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The Tragic Effects of Youth Workplace Injuries

The Tragic Effects of Youth Workplace InjuriesWith the job market being as competitive as it is nowadays, the younger generation often feels the need to accept the first position offered to them without considering how potentially dangerous the work can be or without having any prior job experience. Sometimes the idea of the job or working with friends can be so fun and exciting that potential dangers are overlooked. These can be detrimental factors when considering how often younger workers get hurt while on the job.

In a 2019 study, the Centers for Disease Control & Prevention (CDC) reported that there were over 19.6 million workers under the age of 24. That accounts for about 12% of the total people working in the United States—and they are getting hurt significantly more often than their older counterparts. In 2018, the emergency department treated work-related injuries in people between the ages of fifteen and nineteen 2.2 times more often than workers over the age of 25. Coupled with the fact that people of any age are more likely to get into an accident within their first month on the job, these young workers are particularly vulnerable.

Why are younger workers getting hurt more?

According to the Young Workers Project, roughly 48% of workers between the ages of 15 and 17 work in leisure and hospitality, which includes the food service industry. Working in retail is the second most popular industry for them to be in. With little-to-no prior experience, working in a place that requires precise skill like a restaurant can easily lead to an injury. Think of the slippery floors, sharp knives, hot stovetops, and heavy boxes that come with the job.

Plus, teenagers and younger workers in general are more likely to not take their required safety training courses all too seriously. The Young Workers Project also reports that 38% of teens who went to the emergency room for a workplace-related injury were those working in the food service industry at the time. It is likely because of their lack of skills and failure to take safety seriously that younger workers are getting hurt more often.

Long-term effects of young workers’ injuries

Because teenagers and young adults are still developing both physically and mentally, they are more likely to injure themselves while on the job. And an accident could completely alter their future. For example, the owners of a local supermarket in Tennessee instructed two 16-year-old employees to clean a meat grinder. When one worker reached his arm inside to clean it, the grinder turned on and quickly amputated his forearm. Child labor laws strictly prohibit minors under the age of 18 from operating or cleaning heavy equipment, like a meat grinder, for reasons like this. Now, that 16-year-old boy will have to live the rest of his life with a disability.

Young workers can also suffer traumatic brain injuries if they fall, or if they’re hit with a falling object.. The National Library of Medicine conducted a study which found that a history of traumatic brain injuries/concussions is associated with a lower academic performance as well as more physical injuries. So if a teenager suffers a concussion while working, they immediately become more likely to not do as well in school, which already puts them behind their peers in their future success and careers. And since they are more likely to obtain more physical injuries as well, this could put them on the fast-track towards a more difficult adulthood.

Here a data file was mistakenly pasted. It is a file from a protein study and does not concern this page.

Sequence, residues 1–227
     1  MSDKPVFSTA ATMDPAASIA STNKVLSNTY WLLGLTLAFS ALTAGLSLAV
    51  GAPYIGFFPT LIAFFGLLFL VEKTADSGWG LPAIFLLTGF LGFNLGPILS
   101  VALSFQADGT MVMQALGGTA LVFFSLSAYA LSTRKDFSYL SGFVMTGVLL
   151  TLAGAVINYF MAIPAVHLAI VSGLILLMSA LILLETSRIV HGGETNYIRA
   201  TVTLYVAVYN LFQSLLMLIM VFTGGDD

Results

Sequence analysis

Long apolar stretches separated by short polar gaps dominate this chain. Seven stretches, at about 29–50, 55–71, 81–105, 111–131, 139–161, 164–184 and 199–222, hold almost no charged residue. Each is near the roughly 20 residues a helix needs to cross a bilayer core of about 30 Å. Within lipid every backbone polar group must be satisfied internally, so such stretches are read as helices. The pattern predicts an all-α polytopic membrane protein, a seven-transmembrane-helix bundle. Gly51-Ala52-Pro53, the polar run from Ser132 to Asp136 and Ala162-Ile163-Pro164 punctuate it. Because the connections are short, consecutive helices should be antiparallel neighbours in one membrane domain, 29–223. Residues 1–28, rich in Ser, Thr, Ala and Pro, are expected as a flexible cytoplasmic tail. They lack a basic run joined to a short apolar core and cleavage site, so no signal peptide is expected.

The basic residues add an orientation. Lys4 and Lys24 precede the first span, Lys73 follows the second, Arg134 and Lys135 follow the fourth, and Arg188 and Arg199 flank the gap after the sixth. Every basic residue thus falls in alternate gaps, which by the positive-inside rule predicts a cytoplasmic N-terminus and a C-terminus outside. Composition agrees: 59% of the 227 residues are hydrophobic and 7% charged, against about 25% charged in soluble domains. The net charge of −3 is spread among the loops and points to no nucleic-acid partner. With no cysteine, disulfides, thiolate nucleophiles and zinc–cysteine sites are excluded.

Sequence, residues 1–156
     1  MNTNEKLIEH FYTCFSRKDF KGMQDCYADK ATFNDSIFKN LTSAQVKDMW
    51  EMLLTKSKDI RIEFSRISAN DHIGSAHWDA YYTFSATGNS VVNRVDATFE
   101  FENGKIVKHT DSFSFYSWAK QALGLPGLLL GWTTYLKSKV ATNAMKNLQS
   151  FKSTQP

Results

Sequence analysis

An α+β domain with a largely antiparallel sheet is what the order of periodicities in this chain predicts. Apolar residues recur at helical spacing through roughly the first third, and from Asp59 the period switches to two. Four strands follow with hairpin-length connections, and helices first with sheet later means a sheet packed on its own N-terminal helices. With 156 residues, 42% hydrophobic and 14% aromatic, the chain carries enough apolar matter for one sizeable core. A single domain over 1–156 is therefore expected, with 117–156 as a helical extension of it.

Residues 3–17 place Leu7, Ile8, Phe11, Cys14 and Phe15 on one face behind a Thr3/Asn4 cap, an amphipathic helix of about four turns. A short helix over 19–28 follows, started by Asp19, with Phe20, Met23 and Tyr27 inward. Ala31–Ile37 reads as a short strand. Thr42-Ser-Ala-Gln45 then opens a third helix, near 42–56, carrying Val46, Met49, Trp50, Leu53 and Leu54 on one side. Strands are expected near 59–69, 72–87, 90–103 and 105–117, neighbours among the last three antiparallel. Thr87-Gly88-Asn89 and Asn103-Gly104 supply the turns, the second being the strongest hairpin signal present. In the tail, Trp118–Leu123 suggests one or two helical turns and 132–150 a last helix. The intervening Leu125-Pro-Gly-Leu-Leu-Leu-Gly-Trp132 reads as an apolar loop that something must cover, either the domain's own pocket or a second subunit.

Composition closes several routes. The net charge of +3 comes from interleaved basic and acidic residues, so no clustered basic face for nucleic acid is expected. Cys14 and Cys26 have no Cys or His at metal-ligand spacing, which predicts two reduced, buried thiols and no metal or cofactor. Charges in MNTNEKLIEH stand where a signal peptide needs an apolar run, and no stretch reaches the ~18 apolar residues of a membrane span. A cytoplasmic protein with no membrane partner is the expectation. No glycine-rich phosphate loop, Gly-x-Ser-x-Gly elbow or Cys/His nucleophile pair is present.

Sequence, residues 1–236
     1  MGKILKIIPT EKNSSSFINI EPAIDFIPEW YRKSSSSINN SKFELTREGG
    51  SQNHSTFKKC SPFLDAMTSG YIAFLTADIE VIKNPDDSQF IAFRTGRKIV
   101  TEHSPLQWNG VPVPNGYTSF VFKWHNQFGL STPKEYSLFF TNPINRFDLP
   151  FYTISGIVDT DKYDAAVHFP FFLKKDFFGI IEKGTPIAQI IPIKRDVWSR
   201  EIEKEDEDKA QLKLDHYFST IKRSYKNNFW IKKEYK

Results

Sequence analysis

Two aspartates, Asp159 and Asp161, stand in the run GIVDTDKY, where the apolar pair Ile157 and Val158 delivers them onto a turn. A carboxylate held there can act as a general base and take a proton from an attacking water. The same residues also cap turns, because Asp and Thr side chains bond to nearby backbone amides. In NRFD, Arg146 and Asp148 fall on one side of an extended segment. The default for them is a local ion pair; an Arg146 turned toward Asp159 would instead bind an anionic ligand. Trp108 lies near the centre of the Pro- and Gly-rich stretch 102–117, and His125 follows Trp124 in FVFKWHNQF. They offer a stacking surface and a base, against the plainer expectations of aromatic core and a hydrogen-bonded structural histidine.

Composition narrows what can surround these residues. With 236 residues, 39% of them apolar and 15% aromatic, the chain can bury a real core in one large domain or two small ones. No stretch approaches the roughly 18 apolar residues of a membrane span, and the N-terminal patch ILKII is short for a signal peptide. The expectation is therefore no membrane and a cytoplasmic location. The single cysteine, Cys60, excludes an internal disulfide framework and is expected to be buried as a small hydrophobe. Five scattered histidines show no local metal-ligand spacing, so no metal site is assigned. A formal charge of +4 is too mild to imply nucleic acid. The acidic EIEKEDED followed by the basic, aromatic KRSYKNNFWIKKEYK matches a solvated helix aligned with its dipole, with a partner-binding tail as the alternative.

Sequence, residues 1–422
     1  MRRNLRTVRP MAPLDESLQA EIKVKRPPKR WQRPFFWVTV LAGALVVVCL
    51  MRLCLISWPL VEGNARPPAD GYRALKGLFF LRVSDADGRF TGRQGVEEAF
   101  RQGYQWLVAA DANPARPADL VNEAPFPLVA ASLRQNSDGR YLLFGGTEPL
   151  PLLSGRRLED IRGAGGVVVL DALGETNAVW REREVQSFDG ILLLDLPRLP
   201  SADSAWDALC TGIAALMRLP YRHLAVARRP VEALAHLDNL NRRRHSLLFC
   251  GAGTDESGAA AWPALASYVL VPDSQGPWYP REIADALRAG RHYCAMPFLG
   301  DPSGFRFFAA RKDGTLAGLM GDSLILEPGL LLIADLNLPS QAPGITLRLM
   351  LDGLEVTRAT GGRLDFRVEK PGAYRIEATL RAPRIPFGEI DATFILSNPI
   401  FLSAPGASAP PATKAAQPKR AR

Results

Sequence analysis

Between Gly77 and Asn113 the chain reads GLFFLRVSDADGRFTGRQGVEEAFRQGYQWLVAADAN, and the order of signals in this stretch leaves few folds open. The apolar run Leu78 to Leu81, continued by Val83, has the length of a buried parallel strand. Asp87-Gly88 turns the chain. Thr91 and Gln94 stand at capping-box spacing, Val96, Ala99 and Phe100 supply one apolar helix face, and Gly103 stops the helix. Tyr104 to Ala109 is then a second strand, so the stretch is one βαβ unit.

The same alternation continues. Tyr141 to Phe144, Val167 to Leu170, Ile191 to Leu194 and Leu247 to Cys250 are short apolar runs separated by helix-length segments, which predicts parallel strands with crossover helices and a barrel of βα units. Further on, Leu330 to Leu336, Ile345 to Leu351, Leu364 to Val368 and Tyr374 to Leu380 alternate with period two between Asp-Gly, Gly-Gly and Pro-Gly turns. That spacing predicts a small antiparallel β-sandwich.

Fatalities in young workers

Young workers’ injuries can be anywhere from minor cuts and bruises to something way more fatal. In fact, the CDC found that there were 409 deaths related to workplace injuries in workers under the age of 24—34 of those being under the age 18. The CDC shared a story of a 17-year-old boy who was making a pizza delivery to a home located less than one mile away from the restaurant. A severe rainstorm was going on during his delivery and he ended up losing control of his car and crashing into a tree. He was not wearing a seatbelt at the time of the crash and ended up losing his life due to internal bleeding. This is just one teenager’s story that ended in tragedy because they did not take safety seriously and likely thought they were invincible. Unfortunately, he is not the only one.

How to prevent future workplace injuries in Chattanooga

When it comes to preventing further injuries and fatalities in young workers, more emphasis needs to be put on safety training since teenagers can often feel as though they are essentially bulletproof. They think it would never be them; it would be someone else who gets into a car accident, someone else who obtains a serious injury, or someone else who gets rushed to the emergency room. When employers share more stories about real people who got really hurt, it could help get through to these young workers what dangers there are when working. The extra effort can be so helpful and protect the younger generation from an injury, disability, or even death.

If you or someone you know was injured in an accident at work, then it is your right to seek out compensation for your pain and suffering. We understand the stress you and your family are going through, and we will work diligently to ensure that you have restitution and justice. Do not hesitate to call our Chattanooga lawyers today for help. To schedule a free consultation, call Wagner & Wagner Attorneys at Law today at 423-756-7923 or complete our contact form. We serve injured clients in Chattanooga and Cleveland, TN, and throughout North Georgia.